Screening and selection of superior plant types in comparison to Alphonso mango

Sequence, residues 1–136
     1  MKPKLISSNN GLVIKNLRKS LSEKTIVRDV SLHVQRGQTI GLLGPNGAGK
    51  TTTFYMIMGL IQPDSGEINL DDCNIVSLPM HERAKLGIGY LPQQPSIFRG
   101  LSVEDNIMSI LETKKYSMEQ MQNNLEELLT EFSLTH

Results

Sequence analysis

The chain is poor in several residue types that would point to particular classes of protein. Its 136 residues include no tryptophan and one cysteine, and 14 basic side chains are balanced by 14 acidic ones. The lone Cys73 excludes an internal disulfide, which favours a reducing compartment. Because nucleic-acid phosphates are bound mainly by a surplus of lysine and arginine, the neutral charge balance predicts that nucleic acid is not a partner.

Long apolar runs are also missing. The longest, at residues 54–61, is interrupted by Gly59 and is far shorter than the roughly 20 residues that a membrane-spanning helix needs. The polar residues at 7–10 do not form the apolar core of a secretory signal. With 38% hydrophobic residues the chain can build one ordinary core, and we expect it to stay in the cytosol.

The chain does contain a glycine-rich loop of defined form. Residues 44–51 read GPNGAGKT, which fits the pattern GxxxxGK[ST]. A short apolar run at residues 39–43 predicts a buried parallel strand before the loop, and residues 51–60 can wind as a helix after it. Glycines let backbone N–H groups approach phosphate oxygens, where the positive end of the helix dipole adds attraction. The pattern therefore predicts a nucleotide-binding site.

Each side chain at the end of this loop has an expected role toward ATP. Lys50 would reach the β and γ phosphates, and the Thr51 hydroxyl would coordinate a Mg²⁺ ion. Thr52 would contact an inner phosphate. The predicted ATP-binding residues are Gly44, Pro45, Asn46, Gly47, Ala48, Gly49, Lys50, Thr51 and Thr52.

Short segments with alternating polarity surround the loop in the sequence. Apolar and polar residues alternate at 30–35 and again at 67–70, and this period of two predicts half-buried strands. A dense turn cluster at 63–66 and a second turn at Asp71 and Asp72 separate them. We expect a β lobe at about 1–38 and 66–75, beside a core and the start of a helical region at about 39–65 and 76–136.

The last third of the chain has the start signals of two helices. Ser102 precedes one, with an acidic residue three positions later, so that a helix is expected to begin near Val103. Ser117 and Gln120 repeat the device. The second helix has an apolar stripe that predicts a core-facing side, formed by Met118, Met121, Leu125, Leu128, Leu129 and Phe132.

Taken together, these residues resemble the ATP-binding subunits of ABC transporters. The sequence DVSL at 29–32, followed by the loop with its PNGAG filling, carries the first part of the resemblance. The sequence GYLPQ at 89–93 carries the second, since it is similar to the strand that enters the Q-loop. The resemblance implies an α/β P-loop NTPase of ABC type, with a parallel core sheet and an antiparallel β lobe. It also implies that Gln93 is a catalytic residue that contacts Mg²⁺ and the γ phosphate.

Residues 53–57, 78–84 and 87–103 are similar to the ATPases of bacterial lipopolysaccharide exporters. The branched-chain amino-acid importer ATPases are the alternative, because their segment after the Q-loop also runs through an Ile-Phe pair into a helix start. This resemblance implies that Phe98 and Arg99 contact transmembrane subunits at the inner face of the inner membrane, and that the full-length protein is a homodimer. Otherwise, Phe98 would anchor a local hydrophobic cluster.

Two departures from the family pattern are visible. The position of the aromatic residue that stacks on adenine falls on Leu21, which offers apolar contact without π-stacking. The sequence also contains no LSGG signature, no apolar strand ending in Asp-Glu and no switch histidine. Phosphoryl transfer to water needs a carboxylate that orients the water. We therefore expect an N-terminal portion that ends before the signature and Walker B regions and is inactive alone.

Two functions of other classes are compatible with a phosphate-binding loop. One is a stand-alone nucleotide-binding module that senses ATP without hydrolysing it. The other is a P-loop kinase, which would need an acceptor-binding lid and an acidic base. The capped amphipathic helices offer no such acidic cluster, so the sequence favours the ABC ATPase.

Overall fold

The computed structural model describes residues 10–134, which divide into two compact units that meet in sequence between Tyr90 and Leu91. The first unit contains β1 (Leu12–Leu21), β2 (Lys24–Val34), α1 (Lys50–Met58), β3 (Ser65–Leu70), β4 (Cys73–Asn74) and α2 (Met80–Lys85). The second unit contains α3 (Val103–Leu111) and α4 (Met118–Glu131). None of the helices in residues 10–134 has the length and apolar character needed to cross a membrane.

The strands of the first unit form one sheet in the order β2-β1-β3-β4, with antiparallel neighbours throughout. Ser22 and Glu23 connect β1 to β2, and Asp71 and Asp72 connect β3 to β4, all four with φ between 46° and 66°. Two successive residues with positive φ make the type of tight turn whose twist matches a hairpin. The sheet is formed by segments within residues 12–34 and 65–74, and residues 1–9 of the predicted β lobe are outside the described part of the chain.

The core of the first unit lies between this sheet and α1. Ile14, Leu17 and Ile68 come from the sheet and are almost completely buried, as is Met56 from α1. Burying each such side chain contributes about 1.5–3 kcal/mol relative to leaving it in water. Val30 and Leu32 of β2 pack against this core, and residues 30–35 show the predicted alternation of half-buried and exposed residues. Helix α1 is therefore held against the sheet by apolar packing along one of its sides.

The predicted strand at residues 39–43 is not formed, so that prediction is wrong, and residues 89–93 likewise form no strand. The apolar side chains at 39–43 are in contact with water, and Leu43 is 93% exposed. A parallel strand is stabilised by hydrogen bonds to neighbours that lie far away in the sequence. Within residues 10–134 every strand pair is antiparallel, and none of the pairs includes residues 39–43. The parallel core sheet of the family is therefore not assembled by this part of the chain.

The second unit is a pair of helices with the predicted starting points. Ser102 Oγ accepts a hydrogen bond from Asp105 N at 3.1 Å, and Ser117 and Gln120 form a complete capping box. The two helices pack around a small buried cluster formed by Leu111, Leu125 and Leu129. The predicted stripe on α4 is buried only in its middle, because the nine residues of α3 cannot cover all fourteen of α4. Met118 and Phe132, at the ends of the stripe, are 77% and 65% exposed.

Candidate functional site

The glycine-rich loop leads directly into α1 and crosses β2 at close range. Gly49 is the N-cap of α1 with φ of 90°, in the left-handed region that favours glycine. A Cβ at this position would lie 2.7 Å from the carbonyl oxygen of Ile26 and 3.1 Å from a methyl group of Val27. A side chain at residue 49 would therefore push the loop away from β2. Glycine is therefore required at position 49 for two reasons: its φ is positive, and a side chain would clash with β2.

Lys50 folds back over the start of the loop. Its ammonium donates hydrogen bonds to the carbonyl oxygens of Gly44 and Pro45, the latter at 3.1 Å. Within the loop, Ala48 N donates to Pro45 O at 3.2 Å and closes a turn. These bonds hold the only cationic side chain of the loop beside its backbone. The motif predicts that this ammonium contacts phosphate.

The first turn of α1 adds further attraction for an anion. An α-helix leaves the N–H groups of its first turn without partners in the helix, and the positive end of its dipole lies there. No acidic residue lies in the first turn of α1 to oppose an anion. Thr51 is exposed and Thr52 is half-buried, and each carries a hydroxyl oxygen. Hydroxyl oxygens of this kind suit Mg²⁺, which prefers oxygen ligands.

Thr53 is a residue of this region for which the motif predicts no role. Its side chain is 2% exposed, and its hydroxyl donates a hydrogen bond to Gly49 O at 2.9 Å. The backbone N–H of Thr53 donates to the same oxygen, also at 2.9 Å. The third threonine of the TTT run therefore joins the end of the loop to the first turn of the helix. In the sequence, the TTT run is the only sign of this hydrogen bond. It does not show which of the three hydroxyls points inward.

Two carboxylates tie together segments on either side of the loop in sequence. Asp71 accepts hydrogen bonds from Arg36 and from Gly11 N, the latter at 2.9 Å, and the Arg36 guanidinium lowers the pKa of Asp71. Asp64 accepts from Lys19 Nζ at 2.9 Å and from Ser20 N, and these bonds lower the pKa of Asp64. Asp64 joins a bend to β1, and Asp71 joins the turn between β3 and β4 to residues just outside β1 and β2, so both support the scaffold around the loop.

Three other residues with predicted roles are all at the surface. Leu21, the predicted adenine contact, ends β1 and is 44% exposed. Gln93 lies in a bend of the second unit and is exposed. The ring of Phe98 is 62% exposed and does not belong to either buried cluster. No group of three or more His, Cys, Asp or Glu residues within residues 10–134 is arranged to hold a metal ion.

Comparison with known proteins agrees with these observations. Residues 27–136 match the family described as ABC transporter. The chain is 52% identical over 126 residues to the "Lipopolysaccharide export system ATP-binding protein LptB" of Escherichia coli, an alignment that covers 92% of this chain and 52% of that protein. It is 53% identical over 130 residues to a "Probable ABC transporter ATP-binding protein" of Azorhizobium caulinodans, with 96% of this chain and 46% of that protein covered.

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Int.J.Curr.Microbiol.App.Sci (2021) 10(03): 1697-1702 International Journal of Current Microbiology and Applied Sciences ISSN: 2319-7706 Volume 10 Number 03 (2021) Journal homepage: Original Research Article Screening and Selection of Superior Plant Types in Comparison to Alphonso Mango S. K. Attar1*, D. K. Sharma2, N. I. Shah2, L. K. Arvadia2, J. L. Patel2 and B. N. Patel2 1 College of Agriculture, Sri Karan Narendra Agriculture University, Fatehpur, Rajasthan, India 2 Agriculture Experimental Station, Navsari Agricultural University, Paria, Gujarat, India *Corresponding author ABSTRACT Keywords Superior Plant Types, Alphonso Mango Article Info Accepted: 15 February 2021 Available Online: 10 March 2021 An experiment was conducted during (2002 to 2017) to select regular bearing spongy tissue free half sibs from seedling population of mango cv. Alphonso. Elite Alphonso trees having a history of regular bearing were selected at Agriculture Experimental Station, Navsari Agricultural University, Paria, Gujarat and in adjoining areas at fields of progressive farmers. Mature fruits were collected from these trees, ripened at room temperature and 228 extracted stones were planted at 5x2.5m spacing in 2002. Alternate Bearing Index (ABI) was used to select thirty regular bearing seedlings (ABI < 0.25) on the basis of yield/tree of 148 surviving seedlings during 2012 to 2017. Based on the yield and fruit characteristics of these trees, three selections (25, 29 and 30) had regular bearing tendencies with promising shape of fruit, colour of pulp, taste and other biochemical parameters and were recommended for further evaluation in block plantations. Incidence of spongy tissue was not recorded in the fruits and there was no major incidence of pest and diseases on these selected plants. Introduction The mango (Mangifera indica L.), commonly called as the ‘King of fruits’ in India is acclaimed an important tropical and subtropical fruit in the world due to its excellent flavour, delicious taste, attractive colour and nutraceutical properties (Nayak et al., 2013). The king of mangoes, Alphonso, better known as ‘Hapus’ in Gujarat and Maharashtra, is in great demand in domestic and international markets for its taste, pleasant fragrance and vibrant colour. In spite of the economic importance and increasing demand, the spread of Alphonso cultivation, is handicapped by certain problems, among which the development of spongy tissue in its fruits has received general attention of the scientists for the last 90 years. Although, the incidence of spongy tissue was reported as early as 1932, not much is known regarding its exact causes and control. The spongy tissue develops as yellowish white corky patches with or without air pockets in the breakdown tissues. Spongy tissue is caused by various factors and hence it is difficult to 1697 Int.J.Curr.Microbiol.App.Sci (2021) 10(03): 1697-1702 attribute an exact and specific reason for its cause. Singh, (1990) has pointed out that convective heat acts as a causal agent and vegetation or mulch over the soil helps in protecting the fruits from the spongy tissue disorder. The peculiarity of this malady is that the external symptoms of spongy tissue affected fruits are not apparent either at the time of picking or at the ripe stage. The affected tissue is visible only when the ripe fruit is cut into two halves. It renders the fruit unfit for human consumption and fetches low value in the market. Alphonso also has a tendency of alternate bearing which is considered as one of the long standing unresolved problems, directly and substantially contributing to poor production. It was observed that unbalanced fertilization, micronutrients deficiencies, poor tree management and inadequate cultural practices are mainly responsible for orchard related quality issues (Ahmad and Rashid, 2003). These bottlenecks have limited the expansion of Alphonso cultivation in Maharashtra, Karnataka, Andhra Pradesh and Gujarat States where it is grown commercially.Mango is a cross-pollinated crop and pollination is essential for fruit set which is primarily accomplished by insects; housefly (Musca domestica L.) being the chief agent. Hence, this study was designed to screen regular bearing, spongy tissue free half sibs from the segregating seedling polulation raised from Alphonso stones. Materials and Methods Studies were conducted from (2002-2017) at the Agriculture Experimental Station, Navsari Agricultural University, Paria (Elevation: 16 m amsl; Latitude: 22° 35’ N; Longitude: 72° 35’ E). The site is located in the western coastal region of India, which is characterized by sub-tropical, hot and humid climate. The monsoonal rains commence from the second week of June and most of the precipitation is received during mid-June to end of September. The seasonal rainfall ranges from 1500 -2000 mm. Minimum temperature varies from 18.0 0C to 22.00C, while May is the hottest month when the maximum temperature varies from 35.0 0C to 41.0 0C. Soil of the experimental plot was medium to deep with high clay content, belonging to vertisols, medium in nitrogen, high in phosphorus and sufficient in potash.Elite Alphonso trees having a history of regular bearing were selected at Agriculture Experimental Station, Navsari Agricultural University, Paria, Gujarat and in adjoining areas at fields of progressive farmers. Mature fruits collected from these trees were ripened at room temperature and 228 extracted stones were planted at 5 x 2.5 m spacing in 2002.All the trees were provided with standard orchard management practices including insect and pest management. Out of the total 228 stones planted in the field, due to mortality 148 plants were available in the experiment in 2012 which had come to bearing. The yield per plant, fruit characters were recorded during the successive years from 2012 to 2017. The severity of alternate bearing was calculated by Alternate Bearing Index (ABI) as given by (Monselise and Goldschmidt, 1982). ABI=1/(n-1) X {|(a2–a1)|/(a2 +a1)+|(a3– a2)|/(a3 + a2) … + |(an)–a(n-1))|/(a(n) + a(n-1))} where n = number of years, and a1, a2, …, a(n1), an = yield of corresponding years. The calculation within brackets is done ignoring signs of terms Where ABI = 0 is no alternate bearing and ABI = 1.0 is complete alternate bearing. Out of the total 148 trees screened, 30 regular bearing trees (ABI< 0.25) were evaluated for sensory and biochemical analysis of fruits as per fruit descriptors for mango. Twenty 1698 Int.J.Curr.Microbiol.App.Sci (2021) 10(03): 1697-1702 mature fruits were collected from each tree and all physical properties of fruits viz. fruit weight (g), fruit length (cm) and fruit width (cm)were evaluated at fully ripestage. Then the same fruits were peeled for weighing pulp, peel and seeds to express them as percentage of total fruit weight. Total Soluble Solids (TSS) were measured by digital refractometer (0–32 °Brix), total and reducing sugars were estimated by methods suggested by Ranganna (1986) and titratable acidity was estimated by 0.1N NaOH method (AOAC, 2005). The sensory test was carried out with ten volunteers recruited from the faculty of Agriculture Experimental Station, Paria. Panelists were trained on descriptive analysis, using the Spectrum method (Meilgaard et al., 1991). Introductory sessions to discuss flavor and aroma concepts, as well as training sessions to test their ability to detect the basic tastes and to describe and discriminate aromas, were performed. A vocabulary for basic tastes, texture, aroma, aromatics, chemical feeling factors, and aftertaste attributes for mangoes was developed. A hedonic scale from 0 (lowest) to 9 (highest) was used, following the universal intensity scale for common aromatics. Shelf life was also studied and incidence of spongy tissue, insect/pest was recorded. Statistical analysis was carried out by following the standard methods as given by Panse and Sukhatme (1967). Results and Discussion The results presented in this study are particularly important because they represent morpho-physico-chemical traits, which are highly heritable. Morphotaxonomic parameters like fruit weight, fruit length, fruit width, seed weight, skin weight, pulp weight, percent edible portion and total soluble solids of 148 half sibs of Alphonsowere analyzed and presented in Table 1. A large variation was observed for all the physico-chemical fruit characteristics studied. The fruit weight ranged from 166 g to 425 g while the pulp percentage ranged from 48.74 to 79 %. It was concluded by Gill and Navprem (2015) that fruit weight, fruit breadth and peel weight are the major yield contributing characters and hence during selection, weightage should be given to these characters for the development of high yielding cultivars of mango. Higher pulp percentage can be used for selection of varieties that have potentiality for exploitation for juice and canning industry (Navprem et al., 2011). Other important characteristics viz; TSS, seed weight and peel weight also exhibited large variation as is evident from the range and coefficient of variation values amongst these seedlings (Table 1). Sugar and acids are the primary taste compounds which enhance human perception of specific flavours including aroma but acidity and TSS are also related well to sourness and astringency (Malundo et al., 2001). ABI ranged from 0.11 to 0.70 suggesting the variability and tendencies towards regular and alternate bearing in segregating population. All these observations clearly exhibited the existence of large variation in the half sib population, which offers a chance for the selection of superior clones. In the past also, most of the mango cultivars have originated as openpollinated seedlings in nature (Pandey, 2015). Thirty regular bearing half sibs (ABI < 0.25) were evaluated and compared with Alphonso fruits for physico-chemical traits and sensory attributes. After careful analysis of data three half sibs were selected for further evaluation in block plantation (Table 2). The shape of fruit which is characteristic obovoid in case of Alphonso was taken into consideration during sensory evaluation. Higher pulp percentage (72 %) and TSS (20.2 0Brix) was recorded in Selection 29 than Alphonso where the corresponding values were 71 % and 19.8 0 Brix, respectively. 1699 Int.J.Curr.Microbiol.App.Sci (2021) 10(03): 1697-1702 Table.1 Variability for physicochemical and sensory attributes in 148half-sib Alphonso seedlings Fruit Character Range Mean Fruit weight (g) Fruit length (cm) Fruit width (cm) Fruit length: width T.S.S. (0Brix) Stone weight(g) Stone percentage Peel weight (g) Peel percentage (%) Pulp weight (g) Pulp (%) ABI (Alternate Bearing Index) 166 - 425 7.5-18.50 5.30-11.20 1.04-2.95 12.00-20.20 19.36-87.15 10.81-21.96 16.60-146.85 7.66-38.90 89.84-307.00 48.74-79.00 0.11-0.70 296.57 12.34 7.15 1.76 16.19 49.23 16.42 65.36 21.93 183.89 61.70 0.38 Standard deviation 77.77 2.44 1.06 0.44 2.51 17.16 3.27 29.60 7.45 53.83 7.28 0.14 Coefficient of Variability (%) 26.22 19.77 14.82 24.71 15.50 34.87 19.92 45.29 33.97 29.27 11.81 36.74 Table.2 Comparison of selected half sibs with Alphonso Fruit character Fruit weight (g) Fruit length (cm) Fruit width (cm) Fruit length: width T.S.S. (0Brix) Stone weight(g) Stone percentage Peel weight (g) Peel percentage (%) Pulp weight (g) Pulp (%) Total Sugars (%) Reducing Sugars (%) Acidity (%) TSS: Acidity Shelf life (days) Overall acceptability Pest and disease incidence Incidence of spongy tissue Alphonso 293.0 10.5 8.4 1.3 19.8 38.2 13.0 46.8 16.0 208.0 71.0 16.1 3.5 0.33 61.9 15 8.2 Medium Medium Selection 25 218.0 10.2 8.1 1.3 19.5 39.2 18.0 24.0 11.0 154.8 71.0 14.2 3.8 0.26 75.0 14 8.1 low Nil Degree of ripeness at which a fruit is tested, plays a major role in the assessment of its sensory qualities and acceptability (Mtebe et Selection 29 216.0 10.4 7.5 1.4 20.2 34.6 16.0 25.9 12.0 155.5 72.0 14.0 4.1 0.34 59.4 15 8 Medium Nil Selection 30 260.0 10.4 7.3 1.4 19.4 36.4 14.0 44.2 17.0 179.4 69.0 14.2 3.8 0.27 71.9 14 8.1 Medium Nil al., 2006). A number of biochemical reactions or metabolic activities are involved in the ripening process of mango fruit such as 1700 Int.J.Curr.Microbiol.App.Sci (2021) 10(03): 1697-1702 increased respiration, ethylene production, change in structural polysaccharides causing softening, degradation of chlorophyll and synthesis of carotenoids, changes in carbohydrates or starch conversion into sugars, organic acids, lipids, phenolics and a number of volatile compounds. All these changes lead to ripening of fruit with softening of texture to acceptable quality. These factors predominantly contribute towards developing a total sensory profile of the mango fruit (Herianus et al., 2003). This study explored the potential of variability in the half sib population of Alphonso mango seedlings and demonstrated the utility of physicochemical and sensory traits to select superior and comparable types of Alphonso which are regular bearers and free from spongy tissue disorder. Finally, three seedlings, having the majority of desirable fruit characteristics in relation to Alphonso were selected for further multiplication and detailed evaluation. References Ahmad, N. and Rashid, M. 2003. Fertilizers and their use in Pakistan. Extension Bulletin (3rd ed.). NFDC, Islamabad. Pp. 3-4. AOAC. 2005. Official Methods of Analysis. 18th Edition, Association Official Analytical Chemists, Gaitherburg, Washington DC. Gill, Mandeep Singh and Navprem, S. 2015. Genetic Parameters, Character Association and Path Analysis for Fruit Yield and its Component Characters in Mango (Mangifera indica L.). Indian J. Plant Genet. Resour. 28(3): 292-295. Herianus, J.D., Singh, L.Z. and Tan,S.C. 2003. Aroma volatiles production during fruit ripening of 'Kensington Pride’ mango. Post Harvest Biol. Tec. 27: 323-336. Malundo, T.M.M., Shewfelt, R.L., Ware, G.O. and Baldwin, E.A. 2001. Sugars and acids influence flavour properties of mango (Mangifera indica). Journal of American Society of Horticultural Sciences. 126: 115-121. Meilgaard, D., Civille, B.S. and Carr, M.S. 1991. Sensory Evaluation techniques. 2nd Ed., CRC Press, Boca Raton, FL. Monselise, S.P. and Goldschmidt, E.E. 1982. Alternate bearing in fruit trees. In: J. Janik, ed. Horticultural Rev. 4:128-173. Mtebe, K., Mamiro, P. and Fweja, L. 2006. Sensory attributes, microbial quality and aroma profiles of off vine ripened mango (Mangifera indica L.) fruit. African Journal of Biotechnology, 5: 201-205. Navprem, S., Jerath, N. and Singh, G. 2011. In situ conservation of seedling mango biodiversity in sub mountane region of Punjab. In Sandhu, S.K., Pathak, D., Sidhu, N., Bhardwaj, R. and Rang, A. (eds). Proceedings of International Conference on Preparing Agriculture for Climate Change. February 6-8th 2011, Ludhiana, India. Crop Improvement 38(Spl. Issue):89-90. Nayak, D., Singh, A. K. and Srivastav, M. 2013. Estimation of genetic parameters of fruit quality traits in mango hybrid population. Indian J. Hort. 70: 13-17 Pandey, S.N. 2015. Diversity in genus Mangifera L. and varietal variation and improvement in mango (Mangifera indica L.): A review. Progressive Horticulture 47(1):20-38. Panse, V.G. and Sukhatme, P.V. 1967. Statistical Methods for Agricultural Workers 2nd Edition. Indian Council of Agricultural Research, New Delhi. 381pp. Ranganna, S. 1986. Hand Book of Analysis and Quality Con- trol for Fruit and Vegetable Products. Tata McGraw-Hill Pub- lishing Company Limited New Delhi. Singh, R. N. 1990. Mango. Indian Council of Agricultural Research, News Delhi. 119pp. 1701 Int.J.Curr.Microbiol.App.Sci (2021) 10(03): 1697-1702 How to cite this article: Attar, S. K., D. K. Sharma, N. I. Shah, L. K. Arvadia, J. L. Patel and Patel, B. N. 2021. Screening and Selection of Superior Plant Types in Comparison to Alphonso Mango. Int.J.Curr.Microbiol.App.Sci. 10(03): 1697-1702. doi: 1702